The Voter ID Fraud | The Nation


The Voter ID Fraud

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The issue in Crawford v. Marion County Election Board is likely to boil down to a complex legal concept that lawyers call the "level of scrutiny." This refers to the degree of proof that courts require to justify a government action. If a law restricts a trivial right, such as the right to smoke in public, all they need is a decent reason; if it restricts a fundamental right, like the right to travel interstate, officials must offer a convincing explanation and actual facts to support the law.

Correction: it's Judge Richard Posner of the Seventh (not the Second) Circuit.

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Garrett Epps
Garrett Epps, a law professor at the University of Baltimore and a former reporter for the Washington Post, is a legal...

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So the question will be: is making it burdensome or impossible for some people to vote a trivial abridgment or a serious impairment of an important part of full citizenship? Posner's opinion makes clear his view that casting an individual vote is no big deal. He cites a 1992 Supreme Court case, Burdick v. Takushi, that upheld a Hawaii ban on write-in voting. In Burdick, the Court said that strict scrutiny applied only to "severe" burdens of the individual's right to participate in elections. Regulations that, for example, limit the choice of candidates, however, need only be "reasonable" and "nondiscriminatory." (Interestingly, Justice Anthony Kennedy, whose vote is always decisive in close cases, dissented in Burdick, holding that the Hawaii write-in ban did not pass even loose scrutiny.)

But Burdick concerned the voters' right to choose a candidate not on the ballot--the Hawaii law did not deprive anyone of the right to cast a vote. Earlier cases have suggested that measures barring voters altogether are subject to "strict scrutiny," the standard that applies to proving government discrimination by race. If strict scrutiny is in effect, then officials in Indiana and elsewhere would actually have to produce facts to support their statute. It would certainly be impossible to be as flippant as Posner was about the flaws in the Indiana statute: "Perhaps the Indiana law can be improved--what can't be?"

The subtext of this case, and of the war over the vote, is a defect in America's patchwork Constitution. Unlike virtually every modern democratic constitution, ours nowhere explicitly guarantees every competent citizen the right to vote. States can't restrict the vote by race, or sex, or failure to pay a poll tax, or by age for anyone over 18; but the document nowhere says that eligible voters have a right to their vote. In fact, when Supreme Court Justices discuss voting rights, they often refer to this most basic of rights in scare quotes--"the 'right' to vote." This allows judges to adopt a kind of faux neutrality: some people want to vote; others don't want them to vote--the outcome is merely a matter of expediency.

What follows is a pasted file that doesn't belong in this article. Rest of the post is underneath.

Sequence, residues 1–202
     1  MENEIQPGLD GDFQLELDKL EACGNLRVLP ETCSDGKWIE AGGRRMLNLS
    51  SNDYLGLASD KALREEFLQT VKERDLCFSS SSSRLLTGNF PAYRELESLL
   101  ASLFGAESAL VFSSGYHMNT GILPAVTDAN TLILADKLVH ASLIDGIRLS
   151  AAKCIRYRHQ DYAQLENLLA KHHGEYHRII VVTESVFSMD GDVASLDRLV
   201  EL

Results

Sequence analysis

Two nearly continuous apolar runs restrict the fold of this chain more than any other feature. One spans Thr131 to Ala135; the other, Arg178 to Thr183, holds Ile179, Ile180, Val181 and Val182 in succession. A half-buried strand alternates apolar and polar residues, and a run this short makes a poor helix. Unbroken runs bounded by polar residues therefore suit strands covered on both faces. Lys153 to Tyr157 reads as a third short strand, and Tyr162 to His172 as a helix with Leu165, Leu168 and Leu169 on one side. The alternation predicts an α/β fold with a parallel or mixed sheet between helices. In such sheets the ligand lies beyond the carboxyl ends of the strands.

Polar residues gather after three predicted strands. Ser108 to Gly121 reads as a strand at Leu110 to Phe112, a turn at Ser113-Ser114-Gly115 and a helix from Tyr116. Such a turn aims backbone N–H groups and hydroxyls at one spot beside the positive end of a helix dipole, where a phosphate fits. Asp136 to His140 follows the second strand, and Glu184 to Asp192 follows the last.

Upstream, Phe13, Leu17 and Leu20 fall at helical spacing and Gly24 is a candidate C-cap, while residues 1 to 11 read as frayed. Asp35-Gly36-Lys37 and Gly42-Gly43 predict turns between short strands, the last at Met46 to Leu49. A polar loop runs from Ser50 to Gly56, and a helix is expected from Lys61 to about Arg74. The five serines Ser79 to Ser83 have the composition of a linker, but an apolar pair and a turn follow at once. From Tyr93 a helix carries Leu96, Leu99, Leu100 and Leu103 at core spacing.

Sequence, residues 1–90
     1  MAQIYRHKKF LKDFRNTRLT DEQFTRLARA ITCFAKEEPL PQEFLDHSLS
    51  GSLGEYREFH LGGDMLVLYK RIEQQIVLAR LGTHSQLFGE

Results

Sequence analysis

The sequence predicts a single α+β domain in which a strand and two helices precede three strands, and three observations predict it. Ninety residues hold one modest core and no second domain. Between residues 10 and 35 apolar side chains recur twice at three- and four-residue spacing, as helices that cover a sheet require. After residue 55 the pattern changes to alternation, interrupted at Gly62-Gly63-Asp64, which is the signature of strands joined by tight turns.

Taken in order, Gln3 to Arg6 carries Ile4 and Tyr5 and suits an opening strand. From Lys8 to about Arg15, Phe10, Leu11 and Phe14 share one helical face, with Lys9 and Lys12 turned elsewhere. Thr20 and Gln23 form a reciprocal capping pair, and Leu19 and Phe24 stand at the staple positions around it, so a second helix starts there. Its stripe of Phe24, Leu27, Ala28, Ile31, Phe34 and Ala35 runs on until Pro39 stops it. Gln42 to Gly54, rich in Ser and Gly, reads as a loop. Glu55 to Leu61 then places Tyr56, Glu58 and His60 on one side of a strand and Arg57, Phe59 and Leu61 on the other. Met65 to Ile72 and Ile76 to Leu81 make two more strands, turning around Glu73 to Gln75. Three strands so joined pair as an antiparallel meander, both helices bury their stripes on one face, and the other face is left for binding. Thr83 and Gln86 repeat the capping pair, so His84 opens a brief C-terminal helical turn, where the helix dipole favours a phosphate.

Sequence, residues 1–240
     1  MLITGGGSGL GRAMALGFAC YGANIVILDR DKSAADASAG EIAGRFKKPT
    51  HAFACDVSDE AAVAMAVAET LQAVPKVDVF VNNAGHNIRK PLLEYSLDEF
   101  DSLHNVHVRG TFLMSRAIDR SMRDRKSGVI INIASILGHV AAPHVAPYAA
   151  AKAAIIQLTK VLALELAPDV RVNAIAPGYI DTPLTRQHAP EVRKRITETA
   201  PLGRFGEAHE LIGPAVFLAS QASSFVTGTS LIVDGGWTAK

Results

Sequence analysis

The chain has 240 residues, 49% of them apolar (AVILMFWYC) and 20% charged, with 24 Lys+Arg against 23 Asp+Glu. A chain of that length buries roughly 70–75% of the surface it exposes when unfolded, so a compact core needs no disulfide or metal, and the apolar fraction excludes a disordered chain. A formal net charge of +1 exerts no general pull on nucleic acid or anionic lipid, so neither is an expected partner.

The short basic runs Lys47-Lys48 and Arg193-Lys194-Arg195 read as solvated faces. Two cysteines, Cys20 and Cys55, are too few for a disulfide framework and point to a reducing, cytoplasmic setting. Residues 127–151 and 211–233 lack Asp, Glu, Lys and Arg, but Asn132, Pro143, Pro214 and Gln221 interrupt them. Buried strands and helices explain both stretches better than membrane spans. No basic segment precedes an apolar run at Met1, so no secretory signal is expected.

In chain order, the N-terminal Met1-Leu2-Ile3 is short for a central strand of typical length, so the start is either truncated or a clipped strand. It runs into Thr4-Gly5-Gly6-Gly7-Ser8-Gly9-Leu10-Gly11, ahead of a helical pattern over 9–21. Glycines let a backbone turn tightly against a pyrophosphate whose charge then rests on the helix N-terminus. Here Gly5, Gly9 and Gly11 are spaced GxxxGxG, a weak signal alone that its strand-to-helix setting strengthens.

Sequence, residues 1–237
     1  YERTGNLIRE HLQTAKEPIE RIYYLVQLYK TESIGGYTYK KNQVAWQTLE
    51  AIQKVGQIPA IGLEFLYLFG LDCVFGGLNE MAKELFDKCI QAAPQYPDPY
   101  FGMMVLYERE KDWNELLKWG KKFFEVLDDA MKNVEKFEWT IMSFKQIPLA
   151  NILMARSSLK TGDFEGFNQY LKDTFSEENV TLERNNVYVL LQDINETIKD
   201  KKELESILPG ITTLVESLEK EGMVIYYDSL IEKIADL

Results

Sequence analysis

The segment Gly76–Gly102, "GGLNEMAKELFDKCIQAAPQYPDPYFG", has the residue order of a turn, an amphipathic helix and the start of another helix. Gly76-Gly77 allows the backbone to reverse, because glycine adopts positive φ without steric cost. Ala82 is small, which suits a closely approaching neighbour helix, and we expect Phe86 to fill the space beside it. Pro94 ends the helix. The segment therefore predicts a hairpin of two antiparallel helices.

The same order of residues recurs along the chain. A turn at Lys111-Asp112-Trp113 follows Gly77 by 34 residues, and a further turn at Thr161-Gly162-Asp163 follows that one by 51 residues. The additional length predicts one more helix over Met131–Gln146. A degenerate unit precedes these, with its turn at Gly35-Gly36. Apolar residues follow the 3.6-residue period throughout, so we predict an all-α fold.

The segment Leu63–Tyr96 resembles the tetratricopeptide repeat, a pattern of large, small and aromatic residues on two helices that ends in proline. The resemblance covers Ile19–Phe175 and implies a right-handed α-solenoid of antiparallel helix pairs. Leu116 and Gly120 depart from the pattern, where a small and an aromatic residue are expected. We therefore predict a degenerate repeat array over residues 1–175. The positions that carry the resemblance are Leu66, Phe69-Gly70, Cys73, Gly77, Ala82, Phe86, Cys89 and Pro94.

This is desperately wrongheaded. In virtually every other advanced democracy, voting has a positive value: it is not up to the citizen to seek out a registrar or produce a satisfactory ID. Instead, the government itself is required to find and register every eligible voter and, if necessary, to provide each voter with an official ID without charge.

Amending the Constitution to guarantee the vote is an important long-term goal. But Congress can do much to ensure that this mischief does not grow, spread and become entrenched. Article I, Section 4, declares that the states shall regulate elections, unless Congress steps in. Congress could pass a statute requiring states to conduct fair, nonpartisan registration and to allow citizens to vote with a signature.

Currently before Congress are a variety of piecemeal reforms. Hillary Clinton's wide-ranging Count Every Vote bill would require states to accept an affidavit of citizenship as part of the mail-in registration process and would make it harder for state officials to toss out mail-in registrations for small errors. Barack Obama has a narrower bill aimed at measures that deceive voters about their eligibility. Representative Keith Ellison has offered legislation to block state ID requirements, but his bill has sparked little support.

The ID issue should be higher on the Democratic agenda. Voting is more than a matter of individual preference, like Coke or Pepsi. Free participation protects our political system from a more insidious kind of corruption in which elites govern without undue worry about public repudiation.

Vote suppression in the United States has a long and sordid past and present. Anonymous postcards often warn registered voters in black neighborhoods that they are ineligible. Fliers warn that any voter with an outstanding warrant will be arrested at the polls. Phone calls threaten eligible voters with criminal prosecution.

Thirty years ago, I saw white Southern registrars driving black voters away by threatening them with federal voter fraud charges. In 2004 I received an e-mail from my son, from a Southern election headquarters. He was fielding calls from black voters who were being turned away from the polls for minor errors in registration or failure to show an ID.

It is mortifying that we are passing this mortal flaw in our system down to the next generation. Voting lies at the heart of our national life, and efforts to restrict it to the "right" people corrode our very commitment to freedom. Perhaps we should consider radical change in our system.

Perhaps we should consider democracy.

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